EMV sets the stage for a better payment future

Most merchants now have EMV credit card readers in place, yielding marginally improved security today -- and a platform for better payment systems arriving soon

Yesterday was the deadline. Finally, the United States is switching from the old-fashioned swiping method for credit card transactions to the more secure chip-based system scheme dubbed EMV (for Europay, MasterCard, and Visa, which together originated the technology).

The chip is harder to counterfeit, and unlike magnetic stripes, it can't be easily read and duplicated, which is what credit-card counterfeiters have long done. In other countries, the chip is coupled with a PIN, so if someone steals the card, they can't use it unless they also know your PIN -- a form of second-factor authentication U.S. debit cards have long used, but not U.S. credit cards. However, U.S. banks are not requiring the use of PINs with chip cards; the old-fashioned, security-irrelevant signature will still be used here.

The EMV secure payment technology has been ubiquitous in Europe and Canada for years, but it failed to gain traction in the United States because banks and merchants were reluctant to make the necessary changes. They not only had to change their card readers but also their back-end systems to accommodate chip-based cards, and they decided the fraud cost was less than the switching costs.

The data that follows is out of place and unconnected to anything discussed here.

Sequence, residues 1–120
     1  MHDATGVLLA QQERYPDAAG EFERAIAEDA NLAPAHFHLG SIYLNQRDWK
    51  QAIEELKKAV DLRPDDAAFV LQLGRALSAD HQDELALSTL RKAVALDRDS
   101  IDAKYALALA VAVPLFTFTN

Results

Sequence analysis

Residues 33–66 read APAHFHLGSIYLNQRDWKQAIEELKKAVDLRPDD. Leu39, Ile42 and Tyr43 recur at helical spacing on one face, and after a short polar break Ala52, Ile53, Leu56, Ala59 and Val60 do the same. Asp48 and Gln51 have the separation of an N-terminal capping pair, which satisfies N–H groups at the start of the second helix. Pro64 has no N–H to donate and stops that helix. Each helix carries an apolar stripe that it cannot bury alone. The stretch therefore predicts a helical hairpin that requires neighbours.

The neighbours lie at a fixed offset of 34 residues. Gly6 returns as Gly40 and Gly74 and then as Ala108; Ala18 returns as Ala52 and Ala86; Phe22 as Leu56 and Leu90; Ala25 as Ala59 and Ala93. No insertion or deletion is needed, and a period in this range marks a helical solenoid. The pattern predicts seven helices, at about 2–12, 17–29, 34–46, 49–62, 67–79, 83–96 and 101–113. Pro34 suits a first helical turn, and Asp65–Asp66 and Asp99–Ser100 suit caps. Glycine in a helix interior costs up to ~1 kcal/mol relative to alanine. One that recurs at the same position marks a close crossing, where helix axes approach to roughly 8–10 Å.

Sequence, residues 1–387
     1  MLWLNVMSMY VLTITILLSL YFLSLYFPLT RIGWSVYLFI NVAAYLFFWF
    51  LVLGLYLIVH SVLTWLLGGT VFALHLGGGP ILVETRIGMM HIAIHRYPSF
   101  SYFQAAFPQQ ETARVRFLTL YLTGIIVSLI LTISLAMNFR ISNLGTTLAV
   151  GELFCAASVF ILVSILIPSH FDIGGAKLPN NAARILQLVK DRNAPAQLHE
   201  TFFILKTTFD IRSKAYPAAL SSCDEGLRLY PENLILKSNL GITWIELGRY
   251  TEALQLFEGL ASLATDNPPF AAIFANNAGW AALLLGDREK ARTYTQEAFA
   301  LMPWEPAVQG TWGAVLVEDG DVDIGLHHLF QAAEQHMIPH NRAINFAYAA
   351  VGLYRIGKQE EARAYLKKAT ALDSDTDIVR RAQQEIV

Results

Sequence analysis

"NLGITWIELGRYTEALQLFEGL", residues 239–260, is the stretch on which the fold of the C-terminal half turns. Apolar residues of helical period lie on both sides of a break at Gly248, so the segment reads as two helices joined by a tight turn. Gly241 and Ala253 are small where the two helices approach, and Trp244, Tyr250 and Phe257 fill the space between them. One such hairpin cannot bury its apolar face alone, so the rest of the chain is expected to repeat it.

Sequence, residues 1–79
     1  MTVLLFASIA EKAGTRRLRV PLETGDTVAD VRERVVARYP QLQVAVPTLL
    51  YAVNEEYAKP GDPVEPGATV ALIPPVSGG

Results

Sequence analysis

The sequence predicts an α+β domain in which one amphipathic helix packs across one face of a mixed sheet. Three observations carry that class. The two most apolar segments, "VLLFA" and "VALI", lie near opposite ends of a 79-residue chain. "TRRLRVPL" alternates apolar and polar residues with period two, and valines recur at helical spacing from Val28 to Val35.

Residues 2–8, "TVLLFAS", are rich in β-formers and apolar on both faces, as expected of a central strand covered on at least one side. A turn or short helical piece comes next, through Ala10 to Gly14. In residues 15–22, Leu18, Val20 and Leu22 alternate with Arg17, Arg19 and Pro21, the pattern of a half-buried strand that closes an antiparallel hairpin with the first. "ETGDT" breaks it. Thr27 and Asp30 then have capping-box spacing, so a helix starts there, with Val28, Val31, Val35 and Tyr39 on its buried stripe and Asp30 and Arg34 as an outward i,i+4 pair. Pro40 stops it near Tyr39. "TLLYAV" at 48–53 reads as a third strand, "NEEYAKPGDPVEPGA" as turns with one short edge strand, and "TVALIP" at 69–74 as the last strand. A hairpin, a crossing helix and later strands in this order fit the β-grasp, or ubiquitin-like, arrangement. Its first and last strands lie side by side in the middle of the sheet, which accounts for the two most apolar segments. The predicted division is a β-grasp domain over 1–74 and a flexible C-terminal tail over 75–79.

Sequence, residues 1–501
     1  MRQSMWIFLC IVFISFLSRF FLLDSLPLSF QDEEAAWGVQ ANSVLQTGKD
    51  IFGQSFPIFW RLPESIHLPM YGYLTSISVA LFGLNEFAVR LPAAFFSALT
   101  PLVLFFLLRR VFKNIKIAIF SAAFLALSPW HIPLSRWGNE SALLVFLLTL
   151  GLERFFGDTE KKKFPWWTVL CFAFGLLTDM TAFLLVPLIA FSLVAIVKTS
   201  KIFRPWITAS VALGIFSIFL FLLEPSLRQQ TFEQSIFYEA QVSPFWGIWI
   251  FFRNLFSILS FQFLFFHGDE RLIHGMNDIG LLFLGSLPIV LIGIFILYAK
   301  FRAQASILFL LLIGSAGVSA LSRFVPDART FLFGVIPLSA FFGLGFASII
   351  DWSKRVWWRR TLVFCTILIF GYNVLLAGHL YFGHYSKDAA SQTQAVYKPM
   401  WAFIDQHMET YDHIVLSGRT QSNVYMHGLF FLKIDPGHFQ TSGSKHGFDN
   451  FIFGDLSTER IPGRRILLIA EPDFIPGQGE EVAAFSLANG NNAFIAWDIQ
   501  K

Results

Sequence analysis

However, the massive breach at Target in 2013 and resulting fears that criminals would flood the market with counterfeit cards drove some of the momentum to switch to the EMV payment technology. Congress even threatened to act, and President Barack Obama mandated last fall that federal agencies use EMV terminals, to spur industry change.

But the switchover is not law or regulation. It's a decision that the credit card processors imposed on their member banks and the merchants who accept their cards. No actual penalty looms for merchants that didn't finish deploying the new readers by the Oct. 1 deadline, nor for those with no plans to do so.

Chip-enabled credit and debit cards still have the magnetic stripe, so merchants can continue to process payments the old-fashioned way. What's changed is that businesses will be held fully liable for any fraud that occurs as a result of not being EMV-compliant. It's a ticking time bomb for merchants that don't switch. (Apple Pay and Android Pay transactions are even more secure than chip transactions, so merchants aren't liable for fraud when using these payment systems.)

"This is a liability mandate," said Prakash Santhana, a director at Deloitte's Payments Integrity practice for Cyber Risk Services. If the criminal uses a counterfeit card, the merchant will "eat the costs" arising from the fraud if it had not adopted EMV.

The new payment technology represents a significant security improvement, but caveats remain. The mandate applies to credit cards but not yet debit cards, and concessions -- namely, the lack of a required PIN -- were given to the U.S. consumer that make EMV payments less secure than in Canada or Europe. The upside is that EMV hardware installed by merchants lay a foundation for even more advanced payment methods in the future.

Most U.S. EMV card readers come with NFC radios for electronic payment systems like Apple Pay and Android Pay, but that radio technology is not part of the EMV specification. However, Apple timed Apple Pay's debut well to take advantage of the reader switchover, and card reader makers put the necessary radio technology in the new terminals they had to make to support the EMV chips. That also gave a boost to the little used Google Wallet, which predated Apple Pay by several years and whose revamped service is now called Android Pay.

Merchants: Switch or suffer the risk